Random photos from today

I went walking around today. Whereas some people like to go walking in the mountains, I enjoy walking around in the city. Well, not D.C. or other cities with many homeless, crazy and/or armed people walking around...

* * *

Here's where I had lunch today. About $1.90 for a hamburger hamberger.

* * *

Ha-ha! Bet you never would have guessed that Batman is a drinking place in Korea!

* * *

Man Clinic? The Koreans walking by seemed to be very curious about why I was taking a photo of a "Man Clinic." They may know something I don't know...Actually, I wasn't curious enough to go in and find out what it was...

* * *

Right down the street from the Man Clinic...there's a Love Shop! I love the euphemism. "Love Shop" sounds much better than Sex Shop. I'm guessing that if you don't go to the "Love Shop" to buy condoms that you may need to visit the Man Clinic a short time later?

* * *

Nobody in South Korea has guns. Apparently that's because they are all at this gun shop I passed by today.

Updated: Gun statistics in Korea, April 22, 2013, Korea Herald

* Around 187,000 firearms, including handguns, rifles, and shotguns were legally held by civilians.
* In 2011, 416 crimes involving guns occurred in Korea.
* 141 illegal firearms were seized in 2012.

4 shooting incidents in Korea in the last month--an average afternoon in Chicago.

* A 42 year old man shot a 38 year old man who had been having an affair with his wife. He had held the weapon for years to fend off wild animals--turned out that the wild animal was on 2, not 4, legs.

Three of the incidents involved unauthorized guns.

According to the article: "In Korea, gun possession is prohibited except for soldiers, police officers, hunters and other specially licensed people. However, civilians can hold air guns with a caliber of 0.20 (50 mm) or smaller."



Busy week for fakers

What about "No" would they not understand?

The Korea Times identifies a new problem: freeloading Koreans visiting relatives in America. The cause: it is now easier for Koreans to travel to America because of a visa waiver.

1) I am amazed at some of the people that reporters can find and about the things people will say to reporters. Complaining because you can't say no to family? Even if I did want to complain about such a thing I would not do so to a reporter.

2) Perhaps Koreans need a return to the good old days, back to 1987 when martial law prevented most Koreans from traveling abroad without a good reason (education, religion or business). A great thing about freedom is that we can complain about trivial things, and even be taking seriously by reporters. When Koreans were living under dictators they wished for the chance to travel abroad.

3) The most obvious solution, besides saying no the first time relatives and friends ask: Say no the second and third times they ask. Is it better to be known as the unfriendly relatives who won't let others stay at her place for a month or to live with visiting relatives for a month when you don't want to do so? That's a choice everyone must make. The people complaining apparently made the choice to say yes to relatives.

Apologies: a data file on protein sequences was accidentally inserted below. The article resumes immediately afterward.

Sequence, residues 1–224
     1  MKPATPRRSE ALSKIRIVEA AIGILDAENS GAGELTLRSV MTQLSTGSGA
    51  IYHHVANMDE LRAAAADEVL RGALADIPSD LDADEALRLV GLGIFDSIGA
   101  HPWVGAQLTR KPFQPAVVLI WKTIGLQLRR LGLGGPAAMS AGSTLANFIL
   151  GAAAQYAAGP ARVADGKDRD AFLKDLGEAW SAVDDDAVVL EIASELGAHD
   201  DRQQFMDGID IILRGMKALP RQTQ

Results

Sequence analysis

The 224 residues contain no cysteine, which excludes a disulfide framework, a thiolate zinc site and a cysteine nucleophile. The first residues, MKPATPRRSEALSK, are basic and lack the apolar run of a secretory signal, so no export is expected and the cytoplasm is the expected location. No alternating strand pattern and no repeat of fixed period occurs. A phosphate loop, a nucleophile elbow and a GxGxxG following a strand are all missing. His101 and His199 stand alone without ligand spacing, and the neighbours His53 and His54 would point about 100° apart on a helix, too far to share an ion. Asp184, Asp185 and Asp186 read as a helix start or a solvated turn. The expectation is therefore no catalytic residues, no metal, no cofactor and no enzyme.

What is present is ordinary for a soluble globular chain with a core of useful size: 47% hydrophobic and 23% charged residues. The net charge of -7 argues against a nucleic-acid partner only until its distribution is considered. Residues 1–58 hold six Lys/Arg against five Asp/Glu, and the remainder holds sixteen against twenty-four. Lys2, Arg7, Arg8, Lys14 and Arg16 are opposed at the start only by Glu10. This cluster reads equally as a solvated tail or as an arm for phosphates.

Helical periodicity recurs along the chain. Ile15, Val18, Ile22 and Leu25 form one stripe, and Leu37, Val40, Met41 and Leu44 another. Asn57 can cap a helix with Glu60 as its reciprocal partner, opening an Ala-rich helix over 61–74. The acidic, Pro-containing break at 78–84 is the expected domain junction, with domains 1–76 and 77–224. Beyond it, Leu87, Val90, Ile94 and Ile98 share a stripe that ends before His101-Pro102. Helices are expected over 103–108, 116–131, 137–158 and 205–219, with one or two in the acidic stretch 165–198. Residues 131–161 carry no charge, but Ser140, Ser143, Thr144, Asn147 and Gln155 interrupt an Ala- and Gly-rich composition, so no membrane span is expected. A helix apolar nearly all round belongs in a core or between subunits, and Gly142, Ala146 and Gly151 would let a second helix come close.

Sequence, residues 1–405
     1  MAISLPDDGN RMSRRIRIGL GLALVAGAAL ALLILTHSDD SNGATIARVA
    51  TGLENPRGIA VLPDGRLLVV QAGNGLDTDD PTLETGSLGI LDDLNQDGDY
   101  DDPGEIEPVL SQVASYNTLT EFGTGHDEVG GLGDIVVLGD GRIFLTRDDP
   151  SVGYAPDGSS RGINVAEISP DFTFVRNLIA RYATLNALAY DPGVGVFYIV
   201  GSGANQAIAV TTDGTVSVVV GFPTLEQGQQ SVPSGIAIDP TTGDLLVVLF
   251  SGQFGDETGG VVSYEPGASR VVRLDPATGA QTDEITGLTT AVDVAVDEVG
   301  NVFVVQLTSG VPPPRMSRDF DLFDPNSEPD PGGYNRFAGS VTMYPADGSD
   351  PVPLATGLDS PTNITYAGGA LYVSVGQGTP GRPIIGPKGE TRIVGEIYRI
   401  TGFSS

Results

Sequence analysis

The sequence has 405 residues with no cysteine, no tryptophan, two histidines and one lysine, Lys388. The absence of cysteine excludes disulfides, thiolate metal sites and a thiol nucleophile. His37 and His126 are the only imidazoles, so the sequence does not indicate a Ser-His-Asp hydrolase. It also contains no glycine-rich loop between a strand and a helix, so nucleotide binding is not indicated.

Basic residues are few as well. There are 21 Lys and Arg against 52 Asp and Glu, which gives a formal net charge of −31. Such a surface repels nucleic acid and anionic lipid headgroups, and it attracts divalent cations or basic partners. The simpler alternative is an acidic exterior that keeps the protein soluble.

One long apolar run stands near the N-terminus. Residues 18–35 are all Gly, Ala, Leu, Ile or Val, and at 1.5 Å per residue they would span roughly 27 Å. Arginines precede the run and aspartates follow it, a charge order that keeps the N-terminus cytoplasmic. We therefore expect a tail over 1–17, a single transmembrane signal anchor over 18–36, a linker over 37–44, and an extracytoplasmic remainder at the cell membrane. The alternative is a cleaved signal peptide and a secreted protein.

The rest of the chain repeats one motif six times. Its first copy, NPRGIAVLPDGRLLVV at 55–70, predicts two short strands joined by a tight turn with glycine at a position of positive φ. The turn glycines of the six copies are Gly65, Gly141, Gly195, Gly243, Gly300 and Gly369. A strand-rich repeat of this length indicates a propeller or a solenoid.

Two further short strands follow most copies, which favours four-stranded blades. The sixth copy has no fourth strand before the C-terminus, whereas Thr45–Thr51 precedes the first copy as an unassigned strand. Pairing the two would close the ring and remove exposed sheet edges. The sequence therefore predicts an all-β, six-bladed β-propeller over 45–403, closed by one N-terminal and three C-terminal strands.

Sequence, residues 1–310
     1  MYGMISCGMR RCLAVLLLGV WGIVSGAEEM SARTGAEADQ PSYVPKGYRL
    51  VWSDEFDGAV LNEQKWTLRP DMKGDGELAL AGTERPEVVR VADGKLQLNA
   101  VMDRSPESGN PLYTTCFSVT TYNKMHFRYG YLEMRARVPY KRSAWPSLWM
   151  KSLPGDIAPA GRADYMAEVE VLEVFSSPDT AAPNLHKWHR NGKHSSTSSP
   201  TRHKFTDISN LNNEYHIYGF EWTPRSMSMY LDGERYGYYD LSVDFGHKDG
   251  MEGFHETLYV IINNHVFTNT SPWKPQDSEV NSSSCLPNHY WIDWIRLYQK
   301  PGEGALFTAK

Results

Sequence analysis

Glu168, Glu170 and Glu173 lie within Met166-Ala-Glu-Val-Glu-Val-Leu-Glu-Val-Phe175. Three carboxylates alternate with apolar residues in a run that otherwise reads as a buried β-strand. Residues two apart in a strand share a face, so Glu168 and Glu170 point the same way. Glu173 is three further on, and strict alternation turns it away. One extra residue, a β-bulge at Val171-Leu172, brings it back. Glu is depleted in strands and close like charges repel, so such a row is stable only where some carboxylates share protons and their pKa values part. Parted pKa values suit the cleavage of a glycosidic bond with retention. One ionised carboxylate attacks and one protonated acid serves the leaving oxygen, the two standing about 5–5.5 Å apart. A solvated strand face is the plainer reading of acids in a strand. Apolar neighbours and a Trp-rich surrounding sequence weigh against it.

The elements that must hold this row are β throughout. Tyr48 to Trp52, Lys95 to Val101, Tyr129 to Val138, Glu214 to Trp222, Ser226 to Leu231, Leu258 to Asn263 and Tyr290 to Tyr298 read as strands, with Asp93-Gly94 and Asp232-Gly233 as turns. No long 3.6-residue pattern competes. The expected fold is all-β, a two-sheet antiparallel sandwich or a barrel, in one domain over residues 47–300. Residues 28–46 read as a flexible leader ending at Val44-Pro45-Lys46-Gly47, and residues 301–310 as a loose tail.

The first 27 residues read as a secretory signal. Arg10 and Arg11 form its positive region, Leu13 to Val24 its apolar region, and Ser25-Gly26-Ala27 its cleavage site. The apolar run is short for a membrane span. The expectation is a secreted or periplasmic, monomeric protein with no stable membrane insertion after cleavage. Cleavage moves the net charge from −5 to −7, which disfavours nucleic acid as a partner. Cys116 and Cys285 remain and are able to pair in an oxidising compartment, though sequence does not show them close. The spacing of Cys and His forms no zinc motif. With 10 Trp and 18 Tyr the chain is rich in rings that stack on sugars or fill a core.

4) Send the link CouchSurfing to all of your Korean relatives--people apparently enter a network that allows them to crash at the homes of other people, as long as they allow others to crash with them. But only send the link if you are sure you won't need to crash at a relative's home for a month. I do wonder how many of the Koreans in America griping about freeloading relatives crash with them when they come to South Korea?

5) How many people do say no to relatives or find an excuse? It would be nice to hear that in such an article although people may not want to admit it. It may be that just a handful of people don't know how to say know.

6) Sometimes it may seem that I hate reporters. Not completely true.

* * *

Conspiracy Theories

I had been thinking about writing a book about education in Korea. But the longer I am here, the more I think about writing a book about conspiracy theories. The latest one is that the Korean government sank the Cheonan, killing 46 South Korean sailors. By government, I mean the South Korean government.

More than a few South Koreans have said this to me, apparently they were being serious. The conspiracies started based on the government's slow response. Then, suddenly, the government's quick response helped explain why it was a conspiracy--they had been caught and had to cover up what they had been doing by appearing to be busy. Upcoming elections--a handy explanation for any conspiracy theories--were cited as proof of a conspiracy.

The conspiracy theorists are also quite sure that former South Korean president Roh Moo-hyun, who reportedly committed suicide, was killed.

Of course, I don't know the truth in either case. They don't either, by the way.

* * *


I may eventually buy a camera because I have learned that I enjoy taking photos. I wasn't always this way, I guess it is a sign of old age.